Scientists have uncovered dinosaur fossils in Antarctic that are about 71 million-years-old. The large stash, exceeding a ton, contains rare specimens of plesiosaurs and mosasaurs.
An amazing collection of dinosaur fossils was recently discovered by a team of scientists on their trek to Antarctica. The fossils are believed to be of creatures that existed about 71 million years ago. The fossil hunters made the find on James Ross Island, which is very difficult to reach.
Before the researchers made the discovery, they endured a long and treacherous journey to reach the remote, frigid island. The researchers first flew to South America and then endured a five-day trip through the Drake Passage, which is infamous for its extremely rough seas. The team constantly battled seasickness through their entire journey, reported Miss Open.
Even after the incredible journey, the scientists were nowhere close to the island. Having reached an offshore base, the team set up camp by traveling in helicopters and inflatable boats, shared Steve Salisbury, a researcher at the University of Queensland and one of the scientists on the expedition,
“It’s a very hard place to work, but it’s an even harder place to get to.”
However, their treacherous journey and untiring determination bore fruit. The team discovered over a ton of fossils that belonged to dinosaurs and other creatures that existed at the end of the age of dinosaurs. The team has yet to identify and label all the specimens, but they believe they found fossils of ancient marine creatures, dinosaurs, and birds that lived during the late Cretaceous Period, roughly 71 million-years-old.
The team of scientists camped on Vega Island for a duration of five weeks. Each day, the scientists hiked over six miles to reach their main site, which was referred to as their “main hunting ground,” and then spent the day systematically sorting through rocks with utmost professionalism.
Scientists shared they were overwhelmed at the quantity of the find and admitted it might take a few years to carefully sift through and catalogue the creatures. However, the team has identified many specimens, shared Dr. Salisbury,
“[We found] things like plesiosaurs and mosasaurs — a type of marine lizard made famous by the recent film Jurassic World. We found a lot of really great fossils. They were all shallow marine rocks, so the majority of things we found lived in the ocean.”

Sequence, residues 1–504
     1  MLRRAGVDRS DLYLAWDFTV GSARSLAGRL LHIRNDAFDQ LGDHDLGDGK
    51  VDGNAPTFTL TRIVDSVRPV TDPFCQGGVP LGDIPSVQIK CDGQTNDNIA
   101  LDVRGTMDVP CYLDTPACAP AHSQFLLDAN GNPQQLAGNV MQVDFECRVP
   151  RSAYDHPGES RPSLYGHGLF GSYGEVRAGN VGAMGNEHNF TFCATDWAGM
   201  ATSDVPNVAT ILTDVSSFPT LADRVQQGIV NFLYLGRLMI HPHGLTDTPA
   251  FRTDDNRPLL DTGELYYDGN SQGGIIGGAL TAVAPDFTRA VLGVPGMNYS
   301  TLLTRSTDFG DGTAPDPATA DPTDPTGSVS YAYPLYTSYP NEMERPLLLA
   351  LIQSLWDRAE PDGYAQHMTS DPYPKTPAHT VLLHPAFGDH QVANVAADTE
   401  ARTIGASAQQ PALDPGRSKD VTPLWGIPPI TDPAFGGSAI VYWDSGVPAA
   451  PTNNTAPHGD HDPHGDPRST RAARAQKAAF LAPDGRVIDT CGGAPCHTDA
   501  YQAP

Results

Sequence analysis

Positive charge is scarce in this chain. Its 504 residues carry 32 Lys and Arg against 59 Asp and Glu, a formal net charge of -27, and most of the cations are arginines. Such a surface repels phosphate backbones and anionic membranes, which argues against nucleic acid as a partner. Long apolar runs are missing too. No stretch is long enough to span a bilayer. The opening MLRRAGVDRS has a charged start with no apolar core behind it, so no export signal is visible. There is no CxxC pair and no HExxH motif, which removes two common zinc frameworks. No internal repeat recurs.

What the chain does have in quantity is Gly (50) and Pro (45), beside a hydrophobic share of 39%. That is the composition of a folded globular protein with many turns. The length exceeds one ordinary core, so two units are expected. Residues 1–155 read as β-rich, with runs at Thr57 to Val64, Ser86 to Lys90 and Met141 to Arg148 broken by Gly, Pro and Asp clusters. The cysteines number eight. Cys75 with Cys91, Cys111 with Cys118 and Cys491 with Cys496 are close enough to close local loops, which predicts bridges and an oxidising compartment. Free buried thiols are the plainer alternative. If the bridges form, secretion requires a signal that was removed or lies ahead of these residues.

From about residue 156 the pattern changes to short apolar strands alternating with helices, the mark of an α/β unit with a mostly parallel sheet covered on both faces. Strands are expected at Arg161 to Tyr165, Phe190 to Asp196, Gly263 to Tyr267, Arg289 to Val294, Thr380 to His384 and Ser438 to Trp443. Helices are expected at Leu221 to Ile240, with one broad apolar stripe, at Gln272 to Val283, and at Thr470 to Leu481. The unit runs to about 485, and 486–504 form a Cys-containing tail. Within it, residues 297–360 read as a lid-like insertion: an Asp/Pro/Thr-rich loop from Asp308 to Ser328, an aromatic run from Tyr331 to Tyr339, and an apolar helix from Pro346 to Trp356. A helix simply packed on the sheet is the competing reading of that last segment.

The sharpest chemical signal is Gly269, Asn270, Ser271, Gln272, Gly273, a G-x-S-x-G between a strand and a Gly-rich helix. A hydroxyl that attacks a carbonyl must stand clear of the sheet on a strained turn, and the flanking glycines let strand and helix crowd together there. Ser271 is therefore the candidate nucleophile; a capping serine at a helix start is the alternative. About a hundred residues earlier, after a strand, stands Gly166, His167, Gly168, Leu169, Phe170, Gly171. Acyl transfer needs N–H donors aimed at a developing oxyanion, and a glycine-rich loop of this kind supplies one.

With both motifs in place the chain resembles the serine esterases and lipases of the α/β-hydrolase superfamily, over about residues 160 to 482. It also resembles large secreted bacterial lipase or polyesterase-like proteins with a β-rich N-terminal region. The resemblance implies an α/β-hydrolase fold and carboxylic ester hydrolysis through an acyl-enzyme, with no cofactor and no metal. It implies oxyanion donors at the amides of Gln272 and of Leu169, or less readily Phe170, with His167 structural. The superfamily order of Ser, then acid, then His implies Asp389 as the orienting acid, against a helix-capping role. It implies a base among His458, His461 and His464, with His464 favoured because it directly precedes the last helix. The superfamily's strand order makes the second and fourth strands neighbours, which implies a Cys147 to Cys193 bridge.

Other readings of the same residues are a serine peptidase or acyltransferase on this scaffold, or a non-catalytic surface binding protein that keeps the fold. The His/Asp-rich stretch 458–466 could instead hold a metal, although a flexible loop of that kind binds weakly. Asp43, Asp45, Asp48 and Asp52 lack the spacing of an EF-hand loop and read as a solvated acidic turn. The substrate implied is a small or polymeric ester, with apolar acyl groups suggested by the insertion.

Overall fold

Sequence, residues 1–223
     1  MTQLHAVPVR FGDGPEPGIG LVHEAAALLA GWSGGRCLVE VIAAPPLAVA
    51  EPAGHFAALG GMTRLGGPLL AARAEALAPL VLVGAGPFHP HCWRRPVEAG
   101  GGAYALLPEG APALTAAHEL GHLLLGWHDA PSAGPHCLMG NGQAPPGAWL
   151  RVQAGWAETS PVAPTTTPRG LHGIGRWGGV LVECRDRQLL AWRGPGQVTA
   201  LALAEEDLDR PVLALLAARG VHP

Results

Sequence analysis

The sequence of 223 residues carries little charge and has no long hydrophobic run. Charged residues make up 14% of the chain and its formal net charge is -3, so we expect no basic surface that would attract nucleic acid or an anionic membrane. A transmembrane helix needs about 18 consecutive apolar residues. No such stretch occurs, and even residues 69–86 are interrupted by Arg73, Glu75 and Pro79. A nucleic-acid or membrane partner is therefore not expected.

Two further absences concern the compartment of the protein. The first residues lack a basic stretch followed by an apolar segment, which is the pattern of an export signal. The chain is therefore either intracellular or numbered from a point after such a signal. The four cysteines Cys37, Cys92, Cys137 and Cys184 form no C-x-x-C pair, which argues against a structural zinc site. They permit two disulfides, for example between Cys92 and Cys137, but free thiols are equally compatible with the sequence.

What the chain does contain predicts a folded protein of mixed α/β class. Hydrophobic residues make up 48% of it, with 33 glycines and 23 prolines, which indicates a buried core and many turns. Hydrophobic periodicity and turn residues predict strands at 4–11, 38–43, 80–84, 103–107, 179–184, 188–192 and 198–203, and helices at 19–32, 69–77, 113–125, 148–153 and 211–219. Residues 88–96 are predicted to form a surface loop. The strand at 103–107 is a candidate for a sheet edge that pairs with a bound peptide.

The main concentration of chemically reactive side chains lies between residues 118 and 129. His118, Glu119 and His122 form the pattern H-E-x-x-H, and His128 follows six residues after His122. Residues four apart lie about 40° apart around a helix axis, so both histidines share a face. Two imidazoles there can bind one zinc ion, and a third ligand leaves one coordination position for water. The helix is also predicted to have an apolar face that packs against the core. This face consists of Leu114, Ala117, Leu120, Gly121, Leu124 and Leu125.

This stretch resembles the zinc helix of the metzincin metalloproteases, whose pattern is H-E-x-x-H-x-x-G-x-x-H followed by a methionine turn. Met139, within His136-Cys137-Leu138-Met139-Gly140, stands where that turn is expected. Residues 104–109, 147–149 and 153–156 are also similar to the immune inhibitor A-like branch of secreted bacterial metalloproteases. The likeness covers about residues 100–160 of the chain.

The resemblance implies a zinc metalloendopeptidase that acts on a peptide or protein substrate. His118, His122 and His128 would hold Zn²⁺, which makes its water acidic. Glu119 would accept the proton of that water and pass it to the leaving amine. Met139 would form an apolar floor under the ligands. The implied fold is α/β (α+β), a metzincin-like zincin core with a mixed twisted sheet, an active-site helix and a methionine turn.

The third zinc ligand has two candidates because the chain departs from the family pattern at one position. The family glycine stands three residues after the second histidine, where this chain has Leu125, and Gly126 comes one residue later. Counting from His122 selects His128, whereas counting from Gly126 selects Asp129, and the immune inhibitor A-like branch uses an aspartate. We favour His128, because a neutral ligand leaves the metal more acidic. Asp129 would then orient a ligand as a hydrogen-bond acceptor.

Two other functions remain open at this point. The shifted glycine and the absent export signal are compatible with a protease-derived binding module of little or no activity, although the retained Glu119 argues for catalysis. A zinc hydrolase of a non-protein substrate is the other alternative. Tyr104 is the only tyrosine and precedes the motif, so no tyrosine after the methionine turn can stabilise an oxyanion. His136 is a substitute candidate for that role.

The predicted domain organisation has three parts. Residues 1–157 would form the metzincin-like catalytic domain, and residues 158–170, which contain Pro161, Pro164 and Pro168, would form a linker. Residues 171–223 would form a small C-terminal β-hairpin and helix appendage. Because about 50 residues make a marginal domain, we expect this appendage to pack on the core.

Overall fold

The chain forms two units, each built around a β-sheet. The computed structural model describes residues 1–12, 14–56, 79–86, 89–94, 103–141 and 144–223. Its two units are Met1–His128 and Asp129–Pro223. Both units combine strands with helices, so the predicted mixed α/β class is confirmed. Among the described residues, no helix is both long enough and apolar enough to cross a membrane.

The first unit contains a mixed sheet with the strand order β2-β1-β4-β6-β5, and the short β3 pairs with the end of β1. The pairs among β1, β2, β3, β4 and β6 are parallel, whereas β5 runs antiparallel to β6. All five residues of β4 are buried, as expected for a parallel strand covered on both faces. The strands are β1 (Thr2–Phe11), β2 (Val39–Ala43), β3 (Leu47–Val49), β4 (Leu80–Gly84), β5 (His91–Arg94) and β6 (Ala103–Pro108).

Besides the dinosaurs, the team also found fossils of birds including early ducks that lived at the end of the Cretaceous period, reported ABC News.
The team consisted of 12 scientists from around the world, including scientists from the U.S., Australia, and South Africa. The team had jointly decided to venture south on a fossil hunting mission to James Ross Island, located on the Antarctic Peninsula. Given the extreme remoteness of the island and the difficulty reaching there, the team guessed the island could have remained undisturbed and unaltered by humans.
Often, amateur fossil hunters go on a scavenger hunt and haphazardly excavate remains. Using scientific equipment to carefully observe what’s under the soil before digging is quite important. It makes the difference between finding a complete and intact fossil and stumbling upon bits and pieces.
Moreover, the Antarctica Peninsula is the only area in the Antarctic where rocks get exposed during a very brief and still frigid summer, reported Smithsonian Magazine. These rocks are extremely old and owing to the limited amount of oxygen, fossils have been preserved in immaculate condition. Antarctica is a great place to hunt for dinosaur fossils, but the extremely difficult journey and the treacherous seas that are choked with sea ice has made landing there, quite difficult, added Dr. Salisbury.
[Photo by Spencer Platt/Getty Images]